According to Biblical chronology, Moses fled from Egypt a few years before the beginning of the sole reign of the Thutmose III. If we consider Amenhotep II as the Pharaoh of the Exodus, it was his eldest son, the brother of his successor (Thutmose IV) who was killed by the angel of death at the tenth plague.
There are no records of this event in history as the ancient Egyptians didn’t record events that were unfavorable to them. However, Thutmose IV left proof of the unexpected death of his brother and his own rise to the royal throne.
This evidence is found on the stele of the Sphinx at Giza for it documents that he had the sand taken away from that ancient monument in gratefulness for the divine choice he suddenly had in its shadow. In the inscription, he tells of how he was hunting one day near the Sphinx. And while he was resting in its shade, this “great god” (the Sphinx) was revealed to him in a vision speaking to him as a father speaks to his son, telling him that he was going to be the pharaoh of Egypt.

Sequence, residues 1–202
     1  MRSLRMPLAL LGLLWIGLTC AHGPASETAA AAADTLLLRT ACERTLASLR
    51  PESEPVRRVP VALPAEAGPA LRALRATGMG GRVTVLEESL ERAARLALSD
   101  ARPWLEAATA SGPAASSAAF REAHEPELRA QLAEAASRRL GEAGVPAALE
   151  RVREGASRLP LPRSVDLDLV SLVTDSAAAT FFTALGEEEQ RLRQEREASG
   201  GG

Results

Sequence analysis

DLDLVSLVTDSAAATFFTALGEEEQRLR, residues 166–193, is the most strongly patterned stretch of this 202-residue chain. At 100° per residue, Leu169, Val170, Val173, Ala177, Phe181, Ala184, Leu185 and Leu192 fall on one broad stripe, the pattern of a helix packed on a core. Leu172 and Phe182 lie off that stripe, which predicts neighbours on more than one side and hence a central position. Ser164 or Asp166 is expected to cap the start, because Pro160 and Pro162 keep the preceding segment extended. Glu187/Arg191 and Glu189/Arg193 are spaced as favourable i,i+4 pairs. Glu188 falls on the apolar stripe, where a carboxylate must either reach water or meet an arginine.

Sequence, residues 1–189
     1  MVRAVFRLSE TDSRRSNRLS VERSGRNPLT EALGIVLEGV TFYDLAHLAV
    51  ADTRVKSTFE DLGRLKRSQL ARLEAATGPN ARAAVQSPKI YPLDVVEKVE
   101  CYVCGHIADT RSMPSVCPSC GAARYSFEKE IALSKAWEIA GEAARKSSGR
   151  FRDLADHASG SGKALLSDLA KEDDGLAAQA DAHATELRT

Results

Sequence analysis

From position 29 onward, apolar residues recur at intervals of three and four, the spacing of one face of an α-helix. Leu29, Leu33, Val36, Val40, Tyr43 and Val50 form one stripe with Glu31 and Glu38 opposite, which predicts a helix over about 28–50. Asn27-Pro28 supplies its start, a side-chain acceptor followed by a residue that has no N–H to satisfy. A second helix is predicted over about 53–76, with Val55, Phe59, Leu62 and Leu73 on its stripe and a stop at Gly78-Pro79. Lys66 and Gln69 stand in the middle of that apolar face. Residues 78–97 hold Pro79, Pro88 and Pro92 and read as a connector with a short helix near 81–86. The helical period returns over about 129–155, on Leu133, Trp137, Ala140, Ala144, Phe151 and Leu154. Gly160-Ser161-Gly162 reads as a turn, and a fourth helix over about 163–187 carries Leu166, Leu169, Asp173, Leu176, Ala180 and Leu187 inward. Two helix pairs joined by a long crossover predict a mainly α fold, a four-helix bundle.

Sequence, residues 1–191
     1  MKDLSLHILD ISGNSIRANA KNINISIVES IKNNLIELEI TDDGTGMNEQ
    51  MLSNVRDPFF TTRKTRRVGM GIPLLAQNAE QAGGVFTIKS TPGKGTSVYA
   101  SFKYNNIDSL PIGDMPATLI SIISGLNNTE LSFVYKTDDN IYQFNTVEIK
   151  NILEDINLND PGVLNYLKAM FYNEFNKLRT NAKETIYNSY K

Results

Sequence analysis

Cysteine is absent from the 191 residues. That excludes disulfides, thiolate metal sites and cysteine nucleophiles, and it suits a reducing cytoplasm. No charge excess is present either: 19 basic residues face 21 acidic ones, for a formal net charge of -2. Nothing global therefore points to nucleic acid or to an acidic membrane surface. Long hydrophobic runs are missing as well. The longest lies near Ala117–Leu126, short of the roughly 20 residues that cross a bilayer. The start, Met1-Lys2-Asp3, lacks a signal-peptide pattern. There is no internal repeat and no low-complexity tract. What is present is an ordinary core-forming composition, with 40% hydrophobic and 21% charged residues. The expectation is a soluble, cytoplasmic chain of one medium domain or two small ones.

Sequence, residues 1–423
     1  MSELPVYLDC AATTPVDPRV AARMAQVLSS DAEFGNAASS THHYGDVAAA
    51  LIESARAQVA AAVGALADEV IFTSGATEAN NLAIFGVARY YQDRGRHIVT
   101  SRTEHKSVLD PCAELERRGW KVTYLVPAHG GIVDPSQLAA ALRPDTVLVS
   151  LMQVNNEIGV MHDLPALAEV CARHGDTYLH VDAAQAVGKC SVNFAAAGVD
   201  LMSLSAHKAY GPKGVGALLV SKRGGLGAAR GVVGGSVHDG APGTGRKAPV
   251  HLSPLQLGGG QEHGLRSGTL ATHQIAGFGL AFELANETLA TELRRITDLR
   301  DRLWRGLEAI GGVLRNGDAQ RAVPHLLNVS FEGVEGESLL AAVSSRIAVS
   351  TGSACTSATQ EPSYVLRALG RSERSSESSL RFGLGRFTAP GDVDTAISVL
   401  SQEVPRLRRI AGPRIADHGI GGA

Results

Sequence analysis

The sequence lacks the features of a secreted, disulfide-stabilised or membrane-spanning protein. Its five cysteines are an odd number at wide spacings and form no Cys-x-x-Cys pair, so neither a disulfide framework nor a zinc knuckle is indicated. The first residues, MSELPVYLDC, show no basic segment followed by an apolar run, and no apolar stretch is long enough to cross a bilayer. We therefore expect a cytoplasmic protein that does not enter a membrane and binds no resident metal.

The fact that this story is written on the monument reveals that Thutmose IV had not been first assigned to be the crown prince for this came as a surprise to him. It also shows that he credited his rising to the throne to the god’s selection and not humans. It is clear to those that study Egyptian inscriptions that an unusual thing happened to the eldest son of Amenhotep II.
Naturally, Thutmose IV didn’t wish to speak about what the God of Hebrews did to Egypt by sending the Ten Plagues, so he told the story of Sphinx foretelling of his rise to the throne. This was customary in ancient Egypt, for when Hatshepsut followed her father on the throne, it was declared that the god Amen had begotten her and commanded her to be Queen of Egypt. Also, when Thutmose III, rose to the throne as the pharaoh without any legal right during a temple uprising, a specific announcement of the god Amen was declared to make his reign official.
In His service,
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